There is a world of options available to you when choosing the right type of studio lighting. For example, if you’re using continuous lighting, there are three main types; Tungsten, Fluorescent and LED. There are various advantages and disadvantages relating to the cost, heat, size and energy efficiency of each. In addition, you have flash. Consider which to invest in carefully!
The process of softening harsh light sources is a critical part of studio photography. There are many ways this can be done, from simply placing a piece of tracing paper over the light source, through to the use of light tents and soft boxes.
Source: Ali Express
Scene setting and backdrop
This will be dependent on how you’ve chosen to art direct your shoot. When using studio lighting you will need to overcome reflections, shadows so working with a plain background is the easiest option.
There are a number of different lighting set ups commonly used for photography. How you position your lights will depend on what effect you want to achieve. For example, do you want the object to appear flat, or do you want to remove shadows? These are all things you need to decide before setting up your lighting.
Source: Alzo Digital
If you want a studio lit effect, but you’re shooting small objects, then a light tent (or light box as they’re also known) might be the perfect solution for you. Budget friendly, easy and reliable, a light tent is basically a box-shaped tent with translucent sides that functions like a giant diffuser, removing shadows and distributing light evenly over the item you’re shooting.
Things to think about:
The great thing about light tents is they enable you to use a variety of light sources. However, two lamps using 100-watt daylight light bulbs placed on each side is standard practice.
You will need a solid backdrop to ensure light is entering from the sides and not the back. Make sure the backdrop is clean, free of wrinkles and ideally falls down into a gentle curve and across the bottom to avoid lines and corners in your shots.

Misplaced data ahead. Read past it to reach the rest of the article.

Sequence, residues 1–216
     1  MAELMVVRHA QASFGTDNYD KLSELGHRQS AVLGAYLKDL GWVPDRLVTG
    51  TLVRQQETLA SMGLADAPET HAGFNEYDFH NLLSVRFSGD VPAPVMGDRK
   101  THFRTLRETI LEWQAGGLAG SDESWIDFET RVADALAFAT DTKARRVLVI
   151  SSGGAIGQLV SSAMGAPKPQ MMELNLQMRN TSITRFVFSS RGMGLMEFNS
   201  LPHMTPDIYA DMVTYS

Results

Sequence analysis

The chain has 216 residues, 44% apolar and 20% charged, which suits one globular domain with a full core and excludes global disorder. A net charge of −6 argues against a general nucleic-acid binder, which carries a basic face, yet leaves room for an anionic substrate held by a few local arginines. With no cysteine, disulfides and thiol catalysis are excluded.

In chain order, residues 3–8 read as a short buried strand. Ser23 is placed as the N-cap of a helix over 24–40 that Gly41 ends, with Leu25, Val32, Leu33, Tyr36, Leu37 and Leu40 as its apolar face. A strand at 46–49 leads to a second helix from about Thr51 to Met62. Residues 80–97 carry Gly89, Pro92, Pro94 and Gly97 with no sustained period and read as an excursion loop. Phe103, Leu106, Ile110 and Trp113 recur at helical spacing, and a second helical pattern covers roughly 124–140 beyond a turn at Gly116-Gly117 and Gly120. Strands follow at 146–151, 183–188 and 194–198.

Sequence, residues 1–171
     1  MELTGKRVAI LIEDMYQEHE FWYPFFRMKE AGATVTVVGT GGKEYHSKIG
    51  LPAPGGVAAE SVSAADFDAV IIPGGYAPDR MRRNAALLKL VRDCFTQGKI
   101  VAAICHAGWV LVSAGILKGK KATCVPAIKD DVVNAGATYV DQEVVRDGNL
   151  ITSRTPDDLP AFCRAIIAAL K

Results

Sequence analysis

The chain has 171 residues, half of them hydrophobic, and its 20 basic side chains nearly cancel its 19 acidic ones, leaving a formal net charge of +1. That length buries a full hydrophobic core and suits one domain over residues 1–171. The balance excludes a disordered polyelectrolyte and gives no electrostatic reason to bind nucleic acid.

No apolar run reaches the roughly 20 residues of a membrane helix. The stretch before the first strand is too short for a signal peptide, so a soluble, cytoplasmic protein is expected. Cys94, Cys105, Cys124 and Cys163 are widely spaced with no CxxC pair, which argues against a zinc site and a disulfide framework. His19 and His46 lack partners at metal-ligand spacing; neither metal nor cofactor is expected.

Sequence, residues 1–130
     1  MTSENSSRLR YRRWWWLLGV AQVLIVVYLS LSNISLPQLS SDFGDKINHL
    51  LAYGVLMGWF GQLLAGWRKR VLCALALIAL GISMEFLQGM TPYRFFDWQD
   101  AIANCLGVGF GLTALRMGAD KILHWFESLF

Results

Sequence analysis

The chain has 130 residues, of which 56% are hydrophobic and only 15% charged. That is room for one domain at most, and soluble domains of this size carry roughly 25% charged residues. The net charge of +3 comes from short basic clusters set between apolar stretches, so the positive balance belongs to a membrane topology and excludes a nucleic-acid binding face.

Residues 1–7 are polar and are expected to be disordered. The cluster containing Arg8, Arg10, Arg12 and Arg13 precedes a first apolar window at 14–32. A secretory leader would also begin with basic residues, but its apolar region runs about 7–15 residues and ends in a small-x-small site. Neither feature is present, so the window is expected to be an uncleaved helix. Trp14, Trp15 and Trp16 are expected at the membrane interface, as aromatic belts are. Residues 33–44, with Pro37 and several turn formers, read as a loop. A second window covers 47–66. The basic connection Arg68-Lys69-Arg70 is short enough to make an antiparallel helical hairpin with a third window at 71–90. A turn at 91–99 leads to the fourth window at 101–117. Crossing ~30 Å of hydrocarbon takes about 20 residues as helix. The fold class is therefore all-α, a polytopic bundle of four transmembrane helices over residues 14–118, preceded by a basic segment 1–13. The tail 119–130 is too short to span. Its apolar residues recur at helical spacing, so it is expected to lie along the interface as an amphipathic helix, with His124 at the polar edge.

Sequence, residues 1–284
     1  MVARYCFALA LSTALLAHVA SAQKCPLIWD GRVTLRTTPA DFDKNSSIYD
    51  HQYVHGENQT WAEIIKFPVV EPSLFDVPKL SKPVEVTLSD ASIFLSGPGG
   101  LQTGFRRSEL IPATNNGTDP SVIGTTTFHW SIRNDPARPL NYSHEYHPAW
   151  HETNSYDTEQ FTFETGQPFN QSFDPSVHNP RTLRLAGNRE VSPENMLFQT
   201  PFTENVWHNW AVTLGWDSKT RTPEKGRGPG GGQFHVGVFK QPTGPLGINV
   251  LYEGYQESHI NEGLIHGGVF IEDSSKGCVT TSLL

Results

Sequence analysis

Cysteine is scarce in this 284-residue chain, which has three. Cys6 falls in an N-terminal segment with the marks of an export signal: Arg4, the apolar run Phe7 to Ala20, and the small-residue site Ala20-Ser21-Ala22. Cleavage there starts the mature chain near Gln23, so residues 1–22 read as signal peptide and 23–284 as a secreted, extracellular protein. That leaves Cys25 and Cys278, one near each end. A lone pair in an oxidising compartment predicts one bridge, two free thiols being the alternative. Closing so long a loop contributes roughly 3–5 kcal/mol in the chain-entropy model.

Buy a kit or make your own light tent
Think about making your own? DIY light tents can be a great budget-friendly alternative
Portable lighting kits
Some great, affordable portable lighting kits have recently come on the market. Not only are they small and adaptable, but they offer a great entry into the world of pro lighting. They give you similar results to but are less complicated than studio lighting.
A full LED lighting kit will set you back around $500, but this is likely to include lighting, battery charger and stands. The great thing about good LED lighting is that you can also change the color balance, making them super adaptable.
Things to consider when shooting:
You will need stands or tripods to fix your lights to and enable tweaking of angles and distances.
If you’re using portable lights, the battery will be rechargeable. Make sure the battery life is sufficient to last a shoot. Otherwise, you could end up on location with no light source and no photos (not good – trust me, I’ve been there!)
LED lights are great, but as the old saying goes, you get what you pay for and LED lighting only goes so far when it comes to power and reach. If you’re shooting large objects such as people or furniture, studio or natural lighting may be preferable.
So there you have it, a quick round-up of what is one of the most complex areas of photography. Hopefully, this guide will give you an idea of the options available to you when it comes to lighting your products and help make your photos as impactful as possible!